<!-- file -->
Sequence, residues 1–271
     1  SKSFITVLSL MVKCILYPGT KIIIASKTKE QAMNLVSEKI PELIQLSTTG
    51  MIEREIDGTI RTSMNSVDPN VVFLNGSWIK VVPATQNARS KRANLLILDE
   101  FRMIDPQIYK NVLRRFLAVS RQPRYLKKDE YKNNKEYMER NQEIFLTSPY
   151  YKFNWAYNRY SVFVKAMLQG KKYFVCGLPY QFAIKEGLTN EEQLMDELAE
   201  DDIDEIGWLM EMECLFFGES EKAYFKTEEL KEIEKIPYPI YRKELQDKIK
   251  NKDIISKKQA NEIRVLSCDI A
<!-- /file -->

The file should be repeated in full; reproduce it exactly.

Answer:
Sequence, residues 1–271
     1  SKSFITVLSL MVKCILYPGT KIIIASKTKE QAMNLVSEKI PELIQLSTTG
    51  MIEREIDGTI RTSMNSVDPN VVFLNGSWIK VVPATQNARS KRANLLILDE
   101  FRMIDPQIYK NVLRRFLAVS RQPRYLKKDE YKNNKEYMER NQEIFLTSPY
   151  YKFNWAYNRY SVFVKAMLQG KKYFVCGLPY QFAIKEGLTN EEQLMDELAE
   201  DDIDEIGWLM EMECLFFGES EKAYFKTEEL KEIEKIPYPI YRKELQDKIK
   251  NKDIISKKQA NEIRVLSCDI A